Princeton cox Kendall Schmidt said: “We’ve been training for four years for this. Henley is a totally unique experience. It’s loud and exciting and it should be on every rower’s bucket list.”

Spoiling the party

In the Prince of Wales Challenge Cup, Leander Club were going for their seventh consecutive win in this event against a Schuylkill Navy HPC crew who were making their Henley Royal Regatta debut.

Schuylkill though hadn’t read the script and pushed hard from the start taking an early lead which they maintained and extended. However, Leander weren’t going to give away their title easily, and clawed their way back into the race making for one of the tightest finishes of the 2016 Regatta. Schuylkill edged it though, with a victory of just four foot.

Coach Sean Hall said: “Wow! What a race! Off the start, we saw Leander had a slight lead but we knew we had the strength to give them a competitive race to the end. We have absolutely loved racing here and will be sure to race again. The course is beautiful and the atmosphere is amazing.”

Dramatic racing

Another Leander crew were back on the river after the disappointment of the Prince of Wales, this time against A.S.R. Nereus of Holland in the Ladies Challenge Plate. It was a thrilling and dramatic final with an extraordinarily close finish and even more drama after the finish line as Leander appealed the result.

The appeal was upheld and A.S.R Nererus were disqualified for unsportsmanlike conduct, not from the crew, following a lengthy review by the umpire.

Sir Steve Redgrave, Chairman of the Henley Royal Regatta Committee, said: “Really sad result. But there are standards and procedures that all crews need to abide by, and A.S.R. Nereus stepped over the mark. The Umpire is the only person who is in charge of the race and needs to be adhered by.”

Shock result in memorable contest

Olympic Champion and five times World Champion, Mahe Drysdale was chasing more records in the Diamond Challenge Sculls as he looked to equal Stuart MacKenzie’s six wins in the event.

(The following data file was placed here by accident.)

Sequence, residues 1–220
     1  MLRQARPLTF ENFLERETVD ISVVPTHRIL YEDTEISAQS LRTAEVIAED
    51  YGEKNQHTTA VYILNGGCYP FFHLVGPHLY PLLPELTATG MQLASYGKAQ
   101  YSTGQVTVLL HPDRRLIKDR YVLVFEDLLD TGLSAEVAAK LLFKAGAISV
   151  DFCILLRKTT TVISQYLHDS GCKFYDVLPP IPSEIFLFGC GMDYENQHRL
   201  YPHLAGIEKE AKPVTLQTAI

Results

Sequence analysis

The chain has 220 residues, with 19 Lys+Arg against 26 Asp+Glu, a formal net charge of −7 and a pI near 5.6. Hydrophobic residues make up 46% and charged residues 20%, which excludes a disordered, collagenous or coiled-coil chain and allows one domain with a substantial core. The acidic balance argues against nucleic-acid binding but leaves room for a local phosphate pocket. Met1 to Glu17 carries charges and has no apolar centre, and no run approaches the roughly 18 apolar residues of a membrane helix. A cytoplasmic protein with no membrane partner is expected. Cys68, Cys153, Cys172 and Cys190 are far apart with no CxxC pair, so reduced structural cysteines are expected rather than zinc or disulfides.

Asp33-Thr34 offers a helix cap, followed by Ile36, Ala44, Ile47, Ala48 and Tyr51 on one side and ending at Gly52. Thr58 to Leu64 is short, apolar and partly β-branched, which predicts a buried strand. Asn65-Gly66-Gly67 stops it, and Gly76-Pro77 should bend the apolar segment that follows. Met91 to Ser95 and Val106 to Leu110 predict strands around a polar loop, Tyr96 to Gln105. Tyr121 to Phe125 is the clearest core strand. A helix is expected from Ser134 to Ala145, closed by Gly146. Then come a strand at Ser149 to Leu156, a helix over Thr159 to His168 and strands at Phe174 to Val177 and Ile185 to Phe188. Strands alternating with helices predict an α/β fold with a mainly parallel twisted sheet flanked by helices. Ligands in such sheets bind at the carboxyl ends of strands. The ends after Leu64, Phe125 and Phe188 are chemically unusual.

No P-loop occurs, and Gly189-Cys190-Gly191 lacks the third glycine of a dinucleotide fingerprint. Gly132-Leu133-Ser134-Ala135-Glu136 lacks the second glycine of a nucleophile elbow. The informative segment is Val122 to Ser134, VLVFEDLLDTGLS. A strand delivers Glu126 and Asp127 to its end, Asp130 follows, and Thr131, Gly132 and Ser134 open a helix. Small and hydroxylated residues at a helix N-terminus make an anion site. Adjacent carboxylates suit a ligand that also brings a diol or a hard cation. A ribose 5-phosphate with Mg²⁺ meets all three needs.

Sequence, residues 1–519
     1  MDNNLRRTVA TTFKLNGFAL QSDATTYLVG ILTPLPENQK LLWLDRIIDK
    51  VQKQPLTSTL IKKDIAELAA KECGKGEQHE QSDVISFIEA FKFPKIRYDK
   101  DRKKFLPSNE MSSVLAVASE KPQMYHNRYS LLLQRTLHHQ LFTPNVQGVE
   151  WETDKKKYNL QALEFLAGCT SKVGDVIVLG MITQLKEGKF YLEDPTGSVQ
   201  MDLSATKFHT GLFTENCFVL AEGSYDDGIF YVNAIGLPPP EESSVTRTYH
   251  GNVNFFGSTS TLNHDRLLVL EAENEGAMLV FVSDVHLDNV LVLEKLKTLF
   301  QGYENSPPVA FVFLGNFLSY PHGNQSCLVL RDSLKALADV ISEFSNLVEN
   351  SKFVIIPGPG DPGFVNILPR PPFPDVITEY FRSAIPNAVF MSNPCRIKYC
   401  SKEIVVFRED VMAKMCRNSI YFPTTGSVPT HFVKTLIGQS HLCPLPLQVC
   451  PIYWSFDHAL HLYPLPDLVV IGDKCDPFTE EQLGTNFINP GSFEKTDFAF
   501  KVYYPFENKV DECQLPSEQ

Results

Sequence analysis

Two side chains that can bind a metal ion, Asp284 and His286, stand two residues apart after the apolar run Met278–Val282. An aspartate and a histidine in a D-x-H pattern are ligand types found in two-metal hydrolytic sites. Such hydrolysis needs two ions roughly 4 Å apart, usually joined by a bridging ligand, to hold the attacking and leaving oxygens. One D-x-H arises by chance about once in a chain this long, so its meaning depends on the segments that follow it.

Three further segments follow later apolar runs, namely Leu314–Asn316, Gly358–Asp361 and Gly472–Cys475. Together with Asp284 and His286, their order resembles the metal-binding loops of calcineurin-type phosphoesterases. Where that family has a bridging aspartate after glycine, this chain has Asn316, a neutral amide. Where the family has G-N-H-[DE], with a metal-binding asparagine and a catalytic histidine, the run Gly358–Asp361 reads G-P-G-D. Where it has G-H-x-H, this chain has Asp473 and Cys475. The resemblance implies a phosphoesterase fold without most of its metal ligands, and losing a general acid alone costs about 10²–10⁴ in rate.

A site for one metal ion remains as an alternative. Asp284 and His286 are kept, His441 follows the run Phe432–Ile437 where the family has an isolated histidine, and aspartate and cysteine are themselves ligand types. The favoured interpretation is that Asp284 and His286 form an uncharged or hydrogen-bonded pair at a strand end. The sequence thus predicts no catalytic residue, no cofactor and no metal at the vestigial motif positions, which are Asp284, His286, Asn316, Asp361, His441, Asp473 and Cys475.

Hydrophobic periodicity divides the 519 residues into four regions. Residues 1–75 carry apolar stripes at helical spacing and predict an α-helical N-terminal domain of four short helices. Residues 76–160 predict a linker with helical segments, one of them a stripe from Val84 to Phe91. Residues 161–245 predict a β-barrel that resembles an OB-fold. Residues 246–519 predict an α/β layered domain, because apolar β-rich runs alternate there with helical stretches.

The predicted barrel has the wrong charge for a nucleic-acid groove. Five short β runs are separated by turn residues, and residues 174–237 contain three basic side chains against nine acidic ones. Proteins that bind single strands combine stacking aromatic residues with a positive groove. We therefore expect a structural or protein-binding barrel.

Belgium Hannes Obreno led off the start and each time Drysdale challenged he matched the pre-race favourite. The second half of the race they were level, before Obreno stepped up his rate and pulled away from the Olympic Champion to win by two lengths in what will be remembered as a classic race.

After the race, Obreno said: “I feel amazing, when I crossed the line, just wow! I came here in preparation for Rio with no expectations but the heats were smooth and I have felt good throughout the week.

“Today I managed to always keep ahead. Every time he pushed his rate up I responded. I know I have a fantastic sprint but so does Mahe, but today my boat was faster and I was able to hold him off.”

Drysdale added: “Obviously I’m a little disappointed how I rowed today. I really wanted to win that one, but I’ve learnt a few things here this week that I can now take into my preparation for Rio, which will hopefully aid me in being successful in six weeks’ time.

“I’d love to come back to Henley. It is no surprise that the record has stood for so long. It’s immensely competitive every year here. We’ll see what happens after Rio.”

Happy Hollandia

It was certainly the day of the Dutch at Henley today as Hollandia Roeiclub took on Austrian crew Wiener LIA & Villach in The Stewards’ Challenge Cup in the first final post lunch.

The Dutch crew dominated from the start with a lead of a length at the barrier and doubling that by the time they’d reached Fawley, scoring a third Dutch victory of the day.

The crew said: “Henley teaches you how to win; you can’t make a mistake and we try to make every race as difficult as possible so we’re incredibly proud to win. The atmosphere is fantastic. When you row out, people are clapping and cheering for you, so to win makes us as proud as a peacock.”

Leander lead  

The Queen Mother Challenge Cup saw Leander Club make their third appearance of finals day against California Rowing Club.

Leander took an early lead which they extended up to the barrier. California tried to get back in the race, but Leander were too strong and extended further ahead for the win.

Stroke Andy Joel said: “Really happy, over the moon in fact. It’s a bit of a fairytale. We came into this event wanting to challenge ourselves, not really expecting too much but as we got through the rounds we really started to believe in ourselves. We knew they would be fast, but our race went according to plan and I’m really proud of the lads.”

Lucky 13 for Eton

In the Princess Elizabeth Challenge Cup, it was defending Champions St Paul’s against 2014 winners Eton. Between them the schools have 18 victories and it was Eton who took their tally to 13 with a clear victory.

They quickly moved into the lead and commanded the race throughout. St Paul’s challenged strongly at the mile but they could not match Eton’s strength and power.